In November 2020 Japan finally retired the last of its F-4 Phantom fighters. This came after these locally built fighters had been a common sight over Japan for 48 years. Japan first acquired the F-4 in 1972 and imported 14 for reconnaissance while building 138 locally as air defense fighters. Japan upgraded a hundred of its F-4EJs in the 1980s with more modern electronics and improved structural components so that these aircraft would be competitive for another decade or more. That upgrade also added aerial refueling and the ability to use bombs and missiles against land and naval targets. The last F-4 built was one of the Japanese F-4s in 1981. The last Japanese recon F-4s retired in early 2020 and an air defense squadron was the last one to lose its F-4s. Japan is replacing the air defense and recon F-4s with F-35A stealth fighters.
Since the 1990s most users have retired their F-4s. In mid-2013 Germany retired the last of its 263 F-4 fighter-bombers after 41 years of service. A third of these were used mainly for reconnaissance, but most were expected to do ground support and air defense. In 2010, also after 41 years of service, South Korea retired the last of its 222 F-4s. South Korean F-4s (and F-5 fighters) were replaced, over the previous 15 years, by 40 F-15K fighter-bombers and 180 F-16s.
Not everyone has been eager to retire its F-4s. Iran bought 225 F-4 Phantom jets in the 1970s, and several dozen are still operational. Spare parts are obtained via a smuggling network, with some of the less complex parts manufactured inside Iran. This effort is the result of decades of sanctions that prevent Iran from buying new jet fighters. Other countries continue to use F-4s because the aircraft are sturdy and still effective as bombers.
Of the 5,195 F-4s manufactured, 3-4 percent are still in service, plus a hundred converted to be unmanned targets for the U.S. Air Force. The last of these targets was gone by 2016. The U.S. Air Force was the largest F-4 user, receiving 2,874 and using them until 1996. The U.S. Navy and Marine Corps received 1,264. The navy retired its last F-4 in 1987 and the marines in 1992. Export customers bought the rest and currently only Greece, Turkey and Iran have any operational F-4s and most (except for Iran) consider them second-line fighters. For Japan the F-4s were first line interceptors until the end.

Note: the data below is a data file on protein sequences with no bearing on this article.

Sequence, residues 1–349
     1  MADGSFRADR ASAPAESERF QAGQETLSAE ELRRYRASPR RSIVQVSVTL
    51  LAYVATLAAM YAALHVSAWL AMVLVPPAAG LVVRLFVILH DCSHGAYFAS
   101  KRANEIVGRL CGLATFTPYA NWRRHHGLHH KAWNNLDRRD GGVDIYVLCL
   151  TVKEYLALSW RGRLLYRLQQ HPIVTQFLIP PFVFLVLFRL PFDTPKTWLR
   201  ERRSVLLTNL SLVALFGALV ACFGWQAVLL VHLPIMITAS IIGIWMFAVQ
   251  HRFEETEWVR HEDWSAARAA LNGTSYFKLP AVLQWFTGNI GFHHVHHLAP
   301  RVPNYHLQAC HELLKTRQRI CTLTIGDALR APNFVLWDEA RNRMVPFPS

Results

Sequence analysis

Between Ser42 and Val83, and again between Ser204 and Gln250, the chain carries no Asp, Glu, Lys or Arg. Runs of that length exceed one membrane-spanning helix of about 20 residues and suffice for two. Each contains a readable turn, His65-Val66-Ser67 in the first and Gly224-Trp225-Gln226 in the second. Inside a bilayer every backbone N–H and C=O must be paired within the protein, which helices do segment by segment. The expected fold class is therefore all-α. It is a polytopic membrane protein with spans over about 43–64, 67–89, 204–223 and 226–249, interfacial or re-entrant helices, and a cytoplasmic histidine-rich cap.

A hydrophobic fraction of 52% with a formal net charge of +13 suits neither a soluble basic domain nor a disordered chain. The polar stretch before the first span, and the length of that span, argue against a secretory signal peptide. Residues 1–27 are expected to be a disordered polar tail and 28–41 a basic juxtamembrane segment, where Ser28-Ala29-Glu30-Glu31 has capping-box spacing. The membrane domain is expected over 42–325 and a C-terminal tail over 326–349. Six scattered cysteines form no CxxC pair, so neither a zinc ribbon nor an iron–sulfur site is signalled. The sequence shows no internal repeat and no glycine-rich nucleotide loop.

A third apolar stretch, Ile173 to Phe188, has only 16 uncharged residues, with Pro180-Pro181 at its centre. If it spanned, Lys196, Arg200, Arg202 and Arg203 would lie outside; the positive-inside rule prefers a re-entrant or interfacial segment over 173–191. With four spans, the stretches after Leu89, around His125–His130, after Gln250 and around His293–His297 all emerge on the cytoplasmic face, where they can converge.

The F-4 “Phantom” is a 1950s design that, for its day, was quite advanced. Initially the F-4 was the navy “Fleet Defense Fighter” and it was during the Vietnam War that its usefulness as a bomber was discovered. The two-seat, 28-ton F-4 was a credible fighter bomber, able to carry eight tons of bombs and missiles. It entered service with the navy in 1961 and with the air force several years later. Normal combat radius is about 700 kilometers. The average sortie lasts about two hours. F-4s saw a lot of combat during the Vietnam War and 741 were lost, most of them to ground fire and accidents. F-4s downed 107 enemy aircraft over Vietnam.
The F-4 was also one of the first jet fighters to be quite safe to fly. Combat aircraft have, for decades, been getting more reliable, even as they became more complex. For example, in the early 1950s, the U.S. F-89 fighter had 383 accidents per 100,000 flying hours. A decade later the rate was in the 20s for a new generation of aircraft. At the time the F-4, most of which served into the 1990s, had a rate of under 5 per 100,000 hours. Contemporary Russian aircraft (MiG-21/23/27) had a rate 10-20 times higher. The two-seat F-4 was popular with its pilots, and back-seat weapons officers and was one of the few aircraft to serve widely on aircraft carriers as well as from land bases. The F-4 has been upgraded many times and, when equipped with modern electronics and missiles, it is still lethal and competitive. The F-4 has been in service for 58 years so far and may reach 70 before the last of them are gone.